The memory of the feeling is getting harder and harder to remember, but it was shortly followed by a sense that a lot of my life has been wasted. Basically, I felt that I'm getting old. A feeling that it's almost over. I'm going to be 24 this year and what do I have to show for it? No education, no real job experience, no books written, no previous relationships, etc. Though it could probably have something to do with the upcoming funeral I'm going to. Perhaps I'm worried about what kind of legacy I'll eventually be leaving after me. When faced with death you have a tendency to want to quantify your life somehow, adding up the achievements, but always coming up short.
However! As I said, that feeling was just a fleeting one. It didn't take long before I felt OK again. Strange. And then I thought about the things that I have actually started on: deciding that just wanting to learn piano isn't enough, so I started playing a bit, that just thinking "man, it would be cool to speak Japanese" wasn't enough, so I started learning.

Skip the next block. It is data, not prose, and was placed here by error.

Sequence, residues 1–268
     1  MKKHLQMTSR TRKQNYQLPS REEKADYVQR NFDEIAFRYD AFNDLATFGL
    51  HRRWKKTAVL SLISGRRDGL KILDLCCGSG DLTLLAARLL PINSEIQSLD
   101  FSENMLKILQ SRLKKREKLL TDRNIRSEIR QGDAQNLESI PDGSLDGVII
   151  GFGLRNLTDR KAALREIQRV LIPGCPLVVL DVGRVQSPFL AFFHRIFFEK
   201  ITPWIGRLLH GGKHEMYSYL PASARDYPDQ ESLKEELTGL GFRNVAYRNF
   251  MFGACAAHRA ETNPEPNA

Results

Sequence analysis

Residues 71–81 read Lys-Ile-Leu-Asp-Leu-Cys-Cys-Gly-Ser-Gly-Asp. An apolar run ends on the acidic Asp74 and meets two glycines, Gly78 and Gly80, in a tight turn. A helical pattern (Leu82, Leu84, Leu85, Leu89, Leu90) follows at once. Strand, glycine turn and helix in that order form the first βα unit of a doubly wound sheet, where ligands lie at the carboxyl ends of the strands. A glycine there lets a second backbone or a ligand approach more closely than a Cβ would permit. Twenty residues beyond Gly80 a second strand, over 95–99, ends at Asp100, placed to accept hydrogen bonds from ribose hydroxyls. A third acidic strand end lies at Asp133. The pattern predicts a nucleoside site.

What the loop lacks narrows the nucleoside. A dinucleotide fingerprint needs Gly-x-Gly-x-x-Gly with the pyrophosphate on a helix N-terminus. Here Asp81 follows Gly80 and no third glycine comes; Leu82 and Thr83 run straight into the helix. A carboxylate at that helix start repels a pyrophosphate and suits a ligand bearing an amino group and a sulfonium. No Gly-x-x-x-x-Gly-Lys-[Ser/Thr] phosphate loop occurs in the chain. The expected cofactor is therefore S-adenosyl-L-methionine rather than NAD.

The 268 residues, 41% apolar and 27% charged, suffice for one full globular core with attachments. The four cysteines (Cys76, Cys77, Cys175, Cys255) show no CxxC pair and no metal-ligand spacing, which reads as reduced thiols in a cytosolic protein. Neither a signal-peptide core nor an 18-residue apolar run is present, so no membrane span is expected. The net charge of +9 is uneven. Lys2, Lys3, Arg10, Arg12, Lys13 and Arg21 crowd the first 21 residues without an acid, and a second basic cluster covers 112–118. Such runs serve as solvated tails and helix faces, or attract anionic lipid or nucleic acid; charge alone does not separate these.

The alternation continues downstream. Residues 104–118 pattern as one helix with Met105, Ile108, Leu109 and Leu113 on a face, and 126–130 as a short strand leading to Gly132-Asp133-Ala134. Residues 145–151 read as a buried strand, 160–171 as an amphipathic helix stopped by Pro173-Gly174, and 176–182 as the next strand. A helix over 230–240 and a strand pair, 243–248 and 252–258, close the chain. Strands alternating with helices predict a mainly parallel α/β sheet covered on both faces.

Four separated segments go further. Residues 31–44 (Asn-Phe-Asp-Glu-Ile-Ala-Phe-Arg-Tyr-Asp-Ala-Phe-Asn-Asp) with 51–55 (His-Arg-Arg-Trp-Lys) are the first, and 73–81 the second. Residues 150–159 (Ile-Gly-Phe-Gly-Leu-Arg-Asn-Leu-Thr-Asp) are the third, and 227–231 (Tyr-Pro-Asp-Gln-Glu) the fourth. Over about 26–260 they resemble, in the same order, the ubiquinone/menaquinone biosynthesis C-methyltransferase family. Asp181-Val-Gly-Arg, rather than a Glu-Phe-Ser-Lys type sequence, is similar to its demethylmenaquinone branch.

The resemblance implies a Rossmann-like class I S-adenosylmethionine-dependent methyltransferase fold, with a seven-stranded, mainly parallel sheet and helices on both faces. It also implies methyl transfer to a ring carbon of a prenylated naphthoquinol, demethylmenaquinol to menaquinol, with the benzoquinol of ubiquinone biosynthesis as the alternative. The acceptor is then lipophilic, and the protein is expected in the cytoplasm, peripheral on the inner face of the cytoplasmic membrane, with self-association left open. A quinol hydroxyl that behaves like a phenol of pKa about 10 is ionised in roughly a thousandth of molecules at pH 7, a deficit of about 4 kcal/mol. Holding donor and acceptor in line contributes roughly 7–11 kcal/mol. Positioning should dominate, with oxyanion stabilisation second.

It's not fast going, but I have to remind myself that it's not just the destination that matters; the journey itself is also half the reward.
It's most noticeable when I look in a mirror trying to look straight ahead, my left eye will be pointing a bit to the side.
I think it was discovered sometime during 9th grade (15 year old). Though I still held of using glasses because I was quite an inconfident fellow back then. I think it was only when I started driving that I started using them more often.
Anyway, I was reading on the 'net that young children can do exercises to gradually train the muscles in the defective eye to co-operate, and I though "hmm, can't hurt". That's why you might see me sometimes practicing looking at my nose, cross-eyed. Before the left eye would always shoot off to the left when I tried it, but I've worked on it and now I can do it. But strangely enough I always get a bit dizzy when doing so. I also read that young children can wear a patch over the better eye for a while each day, so the weaker eye gets practice. That's why the second half of the title of this post is suitably called "One-eyed Jack", as it was written while my right eye was covered.